As human beings, we got where we are by touching each other. A handshake, a pat on the back, a hug and a peck on the cheek are primal gestures and possibly the earliest forms of communication we developed as a species.
Yet these days, it seems the things we touch and talk to the most are our smartphones and laptops. To bridge this great divide, researchers are looking for ways to send nonverbal messages—gestures of touch—through the electronics we spend our days with and our fingers wrapped around.
At the UIST conference this week, researchers showed off one such candidate–a “ForcePhone” built at the Helsinki Institute of Information Technology and Nokia Research, which added a touchy-feely element to voice conversations. The prototypes were modified Nokia N900s. If a speaker holding one of a pair of these hacked N900s gave it a squeeze during a call, the listener’s handset would vibrate. These pressure messages, or “pressages” can be transmitted while on a regular call, or while on a Skype call.
I tracked down a device that Eve Hoggan, who presented the idea, had brought with her. The second device—its pair—was broken, and with only one phone at hand, I wasn’t able to hold a conversation. But when I squeezed the phone, it vibrated in my hand—just as its partner would in the hand of the person I was talking to. (The phones have been built to vibrate back as they’re squeezed, so the squeezer knows for sure it’s registered his or her gesture.)
The phone had a force-sensitive resistor taped to the side, which I pressed down on. The setup can pick up four different intensities of pressure. Each would translate to appropriately intense vibrations, Hoggan had explained in her talk. The resistors are connected to a sensor board that’s tucked into the microSD port of the phone.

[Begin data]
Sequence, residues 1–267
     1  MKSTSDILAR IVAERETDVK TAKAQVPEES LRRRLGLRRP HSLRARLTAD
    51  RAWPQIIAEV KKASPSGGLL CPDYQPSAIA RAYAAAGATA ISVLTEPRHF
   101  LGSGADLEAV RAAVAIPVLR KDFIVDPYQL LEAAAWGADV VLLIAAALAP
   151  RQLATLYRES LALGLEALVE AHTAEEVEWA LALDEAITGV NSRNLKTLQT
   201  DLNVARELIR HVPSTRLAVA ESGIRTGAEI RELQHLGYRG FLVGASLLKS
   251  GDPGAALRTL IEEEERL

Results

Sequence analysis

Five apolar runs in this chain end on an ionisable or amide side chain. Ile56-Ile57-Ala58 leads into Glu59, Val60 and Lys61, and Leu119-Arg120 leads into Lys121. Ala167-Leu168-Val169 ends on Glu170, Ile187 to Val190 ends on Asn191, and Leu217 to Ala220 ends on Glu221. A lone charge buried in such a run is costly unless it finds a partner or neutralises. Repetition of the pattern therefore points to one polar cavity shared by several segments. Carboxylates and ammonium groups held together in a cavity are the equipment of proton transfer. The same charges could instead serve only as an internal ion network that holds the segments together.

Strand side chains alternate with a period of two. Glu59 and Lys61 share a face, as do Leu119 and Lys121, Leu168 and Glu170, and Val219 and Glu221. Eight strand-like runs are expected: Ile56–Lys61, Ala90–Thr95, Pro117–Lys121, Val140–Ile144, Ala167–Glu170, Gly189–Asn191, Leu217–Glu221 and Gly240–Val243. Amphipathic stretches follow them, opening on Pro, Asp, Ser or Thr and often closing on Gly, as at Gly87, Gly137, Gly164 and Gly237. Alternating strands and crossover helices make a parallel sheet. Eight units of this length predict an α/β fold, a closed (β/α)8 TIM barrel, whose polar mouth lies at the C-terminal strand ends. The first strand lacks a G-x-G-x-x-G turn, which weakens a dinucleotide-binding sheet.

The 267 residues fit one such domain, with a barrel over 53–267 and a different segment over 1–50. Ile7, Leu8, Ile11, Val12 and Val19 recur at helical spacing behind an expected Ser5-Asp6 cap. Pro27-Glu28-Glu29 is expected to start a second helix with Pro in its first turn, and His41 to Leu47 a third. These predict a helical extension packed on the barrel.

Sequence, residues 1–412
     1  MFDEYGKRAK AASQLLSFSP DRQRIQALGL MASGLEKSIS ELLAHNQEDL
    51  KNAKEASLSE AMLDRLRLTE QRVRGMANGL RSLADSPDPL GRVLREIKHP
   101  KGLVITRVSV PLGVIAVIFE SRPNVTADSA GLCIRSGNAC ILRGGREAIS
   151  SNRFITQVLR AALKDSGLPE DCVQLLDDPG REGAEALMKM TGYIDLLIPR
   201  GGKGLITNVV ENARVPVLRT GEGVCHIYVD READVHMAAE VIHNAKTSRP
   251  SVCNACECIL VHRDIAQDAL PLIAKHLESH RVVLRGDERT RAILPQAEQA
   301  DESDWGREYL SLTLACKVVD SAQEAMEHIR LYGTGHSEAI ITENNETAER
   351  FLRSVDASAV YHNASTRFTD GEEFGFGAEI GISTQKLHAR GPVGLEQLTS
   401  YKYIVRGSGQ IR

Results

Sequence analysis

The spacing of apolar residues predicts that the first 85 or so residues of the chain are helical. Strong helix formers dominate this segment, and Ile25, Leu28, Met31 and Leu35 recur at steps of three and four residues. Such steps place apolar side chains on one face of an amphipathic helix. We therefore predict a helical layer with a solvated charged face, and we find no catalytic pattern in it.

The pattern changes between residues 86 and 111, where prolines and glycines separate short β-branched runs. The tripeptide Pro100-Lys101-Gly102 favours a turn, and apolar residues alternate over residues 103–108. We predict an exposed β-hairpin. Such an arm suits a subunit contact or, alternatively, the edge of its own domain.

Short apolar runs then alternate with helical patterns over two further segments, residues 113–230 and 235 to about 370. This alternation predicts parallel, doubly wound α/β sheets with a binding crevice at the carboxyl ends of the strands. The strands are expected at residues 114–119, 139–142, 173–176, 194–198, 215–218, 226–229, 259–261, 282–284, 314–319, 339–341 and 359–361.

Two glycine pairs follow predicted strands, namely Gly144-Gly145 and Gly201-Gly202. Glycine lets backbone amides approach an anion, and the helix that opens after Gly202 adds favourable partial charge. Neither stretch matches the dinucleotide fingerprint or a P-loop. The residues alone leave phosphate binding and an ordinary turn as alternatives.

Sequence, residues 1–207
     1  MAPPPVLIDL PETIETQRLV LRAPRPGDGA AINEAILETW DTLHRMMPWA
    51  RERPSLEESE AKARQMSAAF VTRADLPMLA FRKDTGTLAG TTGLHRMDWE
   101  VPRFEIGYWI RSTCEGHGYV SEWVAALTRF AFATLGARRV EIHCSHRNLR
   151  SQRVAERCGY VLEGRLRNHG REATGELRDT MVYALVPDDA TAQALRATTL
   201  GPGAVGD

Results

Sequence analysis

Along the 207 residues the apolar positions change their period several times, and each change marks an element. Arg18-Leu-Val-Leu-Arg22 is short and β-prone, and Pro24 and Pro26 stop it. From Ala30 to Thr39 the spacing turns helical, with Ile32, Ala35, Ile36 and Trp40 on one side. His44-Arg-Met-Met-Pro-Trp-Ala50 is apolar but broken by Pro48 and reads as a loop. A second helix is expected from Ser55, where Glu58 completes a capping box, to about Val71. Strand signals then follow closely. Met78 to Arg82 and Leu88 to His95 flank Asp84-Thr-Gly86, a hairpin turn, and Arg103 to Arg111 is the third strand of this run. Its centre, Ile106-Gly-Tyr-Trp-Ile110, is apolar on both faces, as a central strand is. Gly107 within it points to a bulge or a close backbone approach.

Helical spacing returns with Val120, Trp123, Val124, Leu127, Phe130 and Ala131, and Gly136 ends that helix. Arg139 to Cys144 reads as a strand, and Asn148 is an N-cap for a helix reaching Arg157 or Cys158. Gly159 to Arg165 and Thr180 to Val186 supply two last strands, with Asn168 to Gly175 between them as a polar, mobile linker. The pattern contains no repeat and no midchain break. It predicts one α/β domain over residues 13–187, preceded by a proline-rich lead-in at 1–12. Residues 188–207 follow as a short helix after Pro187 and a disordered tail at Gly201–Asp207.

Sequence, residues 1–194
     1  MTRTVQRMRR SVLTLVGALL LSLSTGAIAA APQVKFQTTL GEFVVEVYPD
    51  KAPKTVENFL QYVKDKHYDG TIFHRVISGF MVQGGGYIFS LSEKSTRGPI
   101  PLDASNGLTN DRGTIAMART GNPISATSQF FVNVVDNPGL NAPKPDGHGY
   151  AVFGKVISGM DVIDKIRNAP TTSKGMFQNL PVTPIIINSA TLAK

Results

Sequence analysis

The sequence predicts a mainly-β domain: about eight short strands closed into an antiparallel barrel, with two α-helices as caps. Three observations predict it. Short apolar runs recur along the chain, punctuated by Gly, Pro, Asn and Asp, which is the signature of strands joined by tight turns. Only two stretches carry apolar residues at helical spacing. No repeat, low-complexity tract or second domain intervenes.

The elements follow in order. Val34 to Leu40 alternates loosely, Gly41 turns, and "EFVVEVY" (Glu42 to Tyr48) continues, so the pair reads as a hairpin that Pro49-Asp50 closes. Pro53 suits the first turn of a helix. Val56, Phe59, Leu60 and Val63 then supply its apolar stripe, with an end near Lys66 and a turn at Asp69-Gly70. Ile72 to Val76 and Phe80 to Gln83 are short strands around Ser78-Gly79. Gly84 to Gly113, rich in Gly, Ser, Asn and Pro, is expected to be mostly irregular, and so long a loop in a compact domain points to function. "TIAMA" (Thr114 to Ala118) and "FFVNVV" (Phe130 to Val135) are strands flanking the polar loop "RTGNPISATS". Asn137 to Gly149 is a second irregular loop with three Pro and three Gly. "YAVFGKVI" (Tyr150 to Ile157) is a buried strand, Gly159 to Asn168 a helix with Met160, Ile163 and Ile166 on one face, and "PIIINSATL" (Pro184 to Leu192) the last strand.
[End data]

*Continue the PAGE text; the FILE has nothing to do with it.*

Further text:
Hoggan said that they wanted the phone to look as “normal” as possible so that testers would be encouraged to use it as naturally as they could. And test it they did. The group picked an initial test crew of six adults—three couples, really, who’d been in long-distance relationships for at least six months.
For one month, each of the six used the ForcePhone as their primary phone while the researchers recorded the duration of the phone calls to each other (not the content, of course), the frequency of calls, and the number of “pressages” that were sent during the call.
Perhaps not surprisingly, one couple adopted the tactile messages as their “virtual cuddle.” However, another tester found that during a phone argument, a good Level 4 squeeze of the handset conveyed annoyance very well–and for better or worse, it ticked off the partner too.
I’d worry that a phone vibrating at my face would get annoying pretty soon. But Hoggan and crew found that their ForcePhone testers pressed on through the month. In fact, she told me later, they found creative and unusual uses for the devices, but those were examples she wouldn’t reveal at a meeting of her professional peers.
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